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You Need to Establish Authority in Your Field, and You Need to Do It Now!

by Fraser Cain on January 24, 2013

A $10000 pound bottle of scotch? I guess Harrods is an authority.

A $19995 pound bottle of scotch? I guess Harrods is an authority.

I’ve done personal consulting for many Keyword Strategy clients (and many before they were Keyword Strategy clients), trying to help people establish a real online presence.

My standard recommendation goes like this:

  • Choose a niche or field that you have expertise in.
  • Uncover the big problems in that niche. Where does it hurt?
  • Commit to solving that problem for people, and create a product or service.
  • Create content, that helps people interested in topics that relate to your product or service.
  • Establish yourself as an authority in your field, on your own website and in social networks.

It’s that final item on the list which seems to give people concern. “I’d love to have a popular, successful website and eventually retire to a beach in Thailand, but I don’t want to waste time on social networks. I’d prefer to remain anonymous.

Maybe you could have lurked in the shadows behind your website 5 years ago, creating a thousands of pages of spun content and just as many fake personas, but those days are over. I’d argue they never existed in the grand scheme of things, other than a temporary anomaly; a temporary shortcoming in Google’s search engine algorithm.

Revenue depends on traffic. The best traffic, search traffic, depends on great content matched with authority. You have to be recognized in your industry as someone who knows that they’re talking about. I’ll let you know when I reach that point myself. ;-)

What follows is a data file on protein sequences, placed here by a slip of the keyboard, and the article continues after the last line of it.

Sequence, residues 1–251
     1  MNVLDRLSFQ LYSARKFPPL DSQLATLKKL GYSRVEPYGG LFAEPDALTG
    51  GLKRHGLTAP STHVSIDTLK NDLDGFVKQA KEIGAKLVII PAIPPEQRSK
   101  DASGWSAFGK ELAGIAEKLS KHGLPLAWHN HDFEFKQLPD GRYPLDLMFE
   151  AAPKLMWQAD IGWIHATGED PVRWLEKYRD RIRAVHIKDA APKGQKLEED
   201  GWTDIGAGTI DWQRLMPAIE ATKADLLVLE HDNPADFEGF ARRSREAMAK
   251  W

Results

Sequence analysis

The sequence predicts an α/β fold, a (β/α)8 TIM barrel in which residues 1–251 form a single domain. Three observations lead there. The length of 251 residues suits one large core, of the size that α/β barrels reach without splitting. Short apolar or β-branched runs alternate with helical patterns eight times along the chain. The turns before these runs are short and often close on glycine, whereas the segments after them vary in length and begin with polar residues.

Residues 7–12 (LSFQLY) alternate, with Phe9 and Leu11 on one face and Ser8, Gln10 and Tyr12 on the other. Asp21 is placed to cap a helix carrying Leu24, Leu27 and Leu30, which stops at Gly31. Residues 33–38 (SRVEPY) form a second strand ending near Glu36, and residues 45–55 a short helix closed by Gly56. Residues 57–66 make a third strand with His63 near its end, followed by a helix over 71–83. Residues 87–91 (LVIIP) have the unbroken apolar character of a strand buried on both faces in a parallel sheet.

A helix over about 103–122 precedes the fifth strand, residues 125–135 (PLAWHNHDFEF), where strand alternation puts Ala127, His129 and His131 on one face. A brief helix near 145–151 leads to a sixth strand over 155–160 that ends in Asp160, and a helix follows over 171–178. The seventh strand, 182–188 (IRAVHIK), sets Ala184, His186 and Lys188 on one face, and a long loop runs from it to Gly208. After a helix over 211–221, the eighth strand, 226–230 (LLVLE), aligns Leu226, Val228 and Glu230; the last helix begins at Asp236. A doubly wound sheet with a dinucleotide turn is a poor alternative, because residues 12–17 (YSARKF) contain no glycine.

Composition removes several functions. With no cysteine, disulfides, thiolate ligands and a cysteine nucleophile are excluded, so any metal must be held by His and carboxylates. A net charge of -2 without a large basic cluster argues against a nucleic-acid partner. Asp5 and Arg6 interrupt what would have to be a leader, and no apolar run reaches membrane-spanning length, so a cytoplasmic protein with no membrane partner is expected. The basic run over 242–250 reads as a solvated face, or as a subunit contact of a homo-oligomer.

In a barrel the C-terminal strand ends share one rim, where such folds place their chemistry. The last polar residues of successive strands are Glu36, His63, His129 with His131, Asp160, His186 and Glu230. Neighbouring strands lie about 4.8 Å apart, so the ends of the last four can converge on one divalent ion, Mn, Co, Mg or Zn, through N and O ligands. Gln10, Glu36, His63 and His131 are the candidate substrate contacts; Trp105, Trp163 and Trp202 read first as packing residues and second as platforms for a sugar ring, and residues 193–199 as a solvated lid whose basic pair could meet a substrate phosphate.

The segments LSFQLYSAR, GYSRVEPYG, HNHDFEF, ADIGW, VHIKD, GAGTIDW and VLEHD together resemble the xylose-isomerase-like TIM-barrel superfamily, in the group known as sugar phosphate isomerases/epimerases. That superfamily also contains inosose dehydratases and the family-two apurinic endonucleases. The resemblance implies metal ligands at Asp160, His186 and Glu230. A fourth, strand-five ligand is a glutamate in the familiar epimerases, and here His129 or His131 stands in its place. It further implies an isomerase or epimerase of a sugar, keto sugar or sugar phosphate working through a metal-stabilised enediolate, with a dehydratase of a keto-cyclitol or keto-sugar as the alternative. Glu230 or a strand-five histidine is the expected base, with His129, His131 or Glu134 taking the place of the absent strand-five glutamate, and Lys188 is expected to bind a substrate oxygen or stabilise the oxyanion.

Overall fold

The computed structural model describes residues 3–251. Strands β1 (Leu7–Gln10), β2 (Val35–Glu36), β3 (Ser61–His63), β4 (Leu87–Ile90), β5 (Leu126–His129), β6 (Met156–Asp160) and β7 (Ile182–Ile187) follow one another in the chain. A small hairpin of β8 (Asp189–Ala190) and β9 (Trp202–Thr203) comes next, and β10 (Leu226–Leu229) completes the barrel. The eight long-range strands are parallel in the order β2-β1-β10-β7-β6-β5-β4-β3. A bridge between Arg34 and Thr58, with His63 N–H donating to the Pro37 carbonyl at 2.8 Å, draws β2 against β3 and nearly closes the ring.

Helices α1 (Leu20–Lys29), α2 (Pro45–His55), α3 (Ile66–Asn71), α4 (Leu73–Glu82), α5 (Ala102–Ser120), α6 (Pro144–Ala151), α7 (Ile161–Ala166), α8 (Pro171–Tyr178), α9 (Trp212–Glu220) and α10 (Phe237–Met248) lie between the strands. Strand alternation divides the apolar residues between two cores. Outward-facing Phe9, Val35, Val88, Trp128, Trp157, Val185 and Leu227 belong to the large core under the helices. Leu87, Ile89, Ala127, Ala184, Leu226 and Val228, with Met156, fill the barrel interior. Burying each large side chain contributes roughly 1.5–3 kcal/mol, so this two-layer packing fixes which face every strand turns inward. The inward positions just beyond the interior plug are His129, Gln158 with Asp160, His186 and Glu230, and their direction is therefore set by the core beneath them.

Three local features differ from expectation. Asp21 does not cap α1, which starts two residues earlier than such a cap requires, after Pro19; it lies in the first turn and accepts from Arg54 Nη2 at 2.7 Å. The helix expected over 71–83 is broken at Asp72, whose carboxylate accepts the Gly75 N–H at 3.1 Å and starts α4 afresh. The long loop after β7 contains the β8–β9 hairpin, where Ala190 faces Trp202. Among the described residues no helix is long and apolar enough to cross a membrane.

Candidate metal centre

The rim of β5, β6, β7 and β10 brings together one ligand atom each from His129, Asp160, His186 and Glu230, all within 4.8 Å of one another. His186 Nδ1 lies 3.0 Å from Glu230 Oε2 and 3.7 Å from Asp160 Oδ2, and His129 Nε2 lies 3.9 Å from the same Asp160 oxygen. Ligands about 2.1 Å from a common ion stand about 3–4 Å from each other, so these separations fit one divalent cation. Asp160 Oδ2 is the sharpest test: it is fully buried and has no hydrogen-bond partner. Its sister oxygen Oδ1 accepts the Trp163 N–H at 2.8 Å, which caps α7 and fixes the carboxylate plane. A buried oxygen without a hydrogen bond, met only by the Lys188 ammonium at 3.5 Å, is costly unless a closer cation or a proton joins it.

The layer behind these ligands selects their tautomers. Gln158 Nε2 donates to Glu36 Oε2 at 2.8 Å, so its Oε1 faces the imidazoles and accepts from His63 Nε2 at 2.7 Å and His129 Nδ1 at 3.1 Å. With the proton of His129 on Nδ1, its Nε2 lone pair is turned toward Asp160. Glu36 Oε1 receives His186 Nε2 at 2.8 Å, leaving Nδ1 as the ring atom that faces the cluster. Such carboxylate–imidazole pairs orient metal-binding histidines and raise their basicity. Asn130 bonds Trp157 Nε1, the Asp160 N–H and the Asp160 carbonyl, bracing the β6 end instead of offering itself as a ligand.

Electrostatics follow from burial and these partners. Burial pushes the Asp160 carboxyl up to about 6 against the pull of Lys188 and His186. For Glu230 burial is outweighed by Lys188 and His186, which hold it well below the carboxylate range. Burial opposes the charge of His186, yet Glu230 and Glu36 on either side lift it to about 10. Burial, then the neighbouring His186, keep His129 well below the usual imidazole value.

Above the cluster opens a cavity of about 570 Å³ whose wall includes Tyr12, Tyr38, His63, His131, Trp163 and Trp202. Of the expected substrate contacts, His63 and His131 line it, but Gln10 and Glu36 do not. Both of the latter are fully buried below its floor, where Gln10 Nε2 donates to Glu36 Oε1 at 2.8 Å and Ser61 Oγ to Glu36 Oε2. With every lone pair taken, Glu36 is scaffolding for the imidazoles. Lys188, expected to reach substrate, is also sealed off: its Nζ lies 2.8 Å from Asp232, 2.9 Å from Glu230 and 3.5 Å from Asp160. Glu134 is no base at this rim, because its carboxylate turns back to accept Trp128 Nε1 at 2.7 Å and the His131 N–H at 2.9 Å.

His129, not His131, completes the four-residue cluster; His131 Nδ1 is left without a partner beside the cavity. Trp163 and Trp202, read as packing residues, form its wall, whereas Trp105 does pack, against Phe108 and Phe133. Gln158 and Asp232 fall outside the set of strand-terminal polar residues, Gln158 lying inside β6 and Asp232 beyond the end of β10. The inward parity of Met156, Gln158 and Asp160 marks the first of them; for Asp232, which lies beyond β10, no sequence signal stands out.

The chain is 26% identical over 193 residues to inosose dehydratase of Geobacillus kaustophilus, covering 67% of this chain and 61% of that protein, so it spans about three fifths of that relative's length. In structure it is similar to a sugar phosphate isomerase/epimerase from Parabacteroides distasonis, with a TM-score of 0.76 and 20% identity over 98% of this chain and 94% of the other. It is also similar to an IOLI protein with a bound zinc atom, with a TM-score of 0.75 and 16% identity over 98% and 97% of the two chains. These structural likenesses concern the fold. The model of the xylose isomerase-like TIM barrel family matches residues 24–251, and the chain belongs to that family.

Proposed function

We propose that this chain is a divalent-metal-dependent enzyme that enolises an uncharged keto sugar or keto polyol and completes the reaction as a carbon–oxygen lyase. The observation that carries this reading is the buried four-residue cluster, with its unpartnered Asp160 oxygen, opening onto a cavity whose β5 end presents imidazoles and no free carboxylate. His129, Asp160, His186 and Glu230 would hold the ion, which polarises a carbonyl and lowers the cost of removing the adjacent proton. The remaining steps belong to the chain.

And the best way to build that authority, that credibility, is through the social networks. There are huge audiences out there on LinkedIn, Facebook, Twitter, and my favorite: Google+. And for the most part, people are providing very little value to the huge crowds of people looking for useful information. Build your authority in those social networks by providing value. Invest your time to make the social network even more useful to the members, even through you’re taking a risk.

It’s about to become critical

Many SEOs feel that Google’s Authorrank algorithm is about to come online, calculating the search engine rankings of certain pages based on the credibility of the author. Do you have a Facebook presence? Lots of engaged Twitter followers? Viewers on YouTube? Circlers on Google+?

Have you been consistently contributing high quality information relevant to those people for months and years? Google and the other search engines will be able to figure out who’s an authority in a field and who isn’t, and they’ll rely on those signals because they’re more trustworthy than the old metric: links.

It’s all about balance

If you create content on your website, without engaging on the social networks, you’re going to have a tough time getting traction. And it won’t matter how many links you have.

And if you have a great presence on the social networks without any kind of web presence, you won’t have any way to be rewarded for your efforts.

You need to do both: create amazing content and build up an enthusiastic audience on the social networks who take you seriously. You need to maintain a yin/yang balance, working harder on whichever part of your media strategy is falling behind, content creation or social engagement.

Find that balance, though, and your competition won’t know what hit them.

{ 2 comments… read them below or add one }

alexg January 24, 2013 at 3:46 am


For those of us doing this part time and working full time, how can we approach the social side of things to get the most of our limited time?


fraser January 24, 2013 at 5:52 pm

The best investment of your time is to focus your efforts on either improving the network itself, or helping people find each other.

I discussed those two priorities here:

So, find a social network where the people are already located. Figure out a way to make their lives better, though content or coordination. Spend 30 minutes to create something really great for the network. Get in, get out.

Don’t stick around and socialize.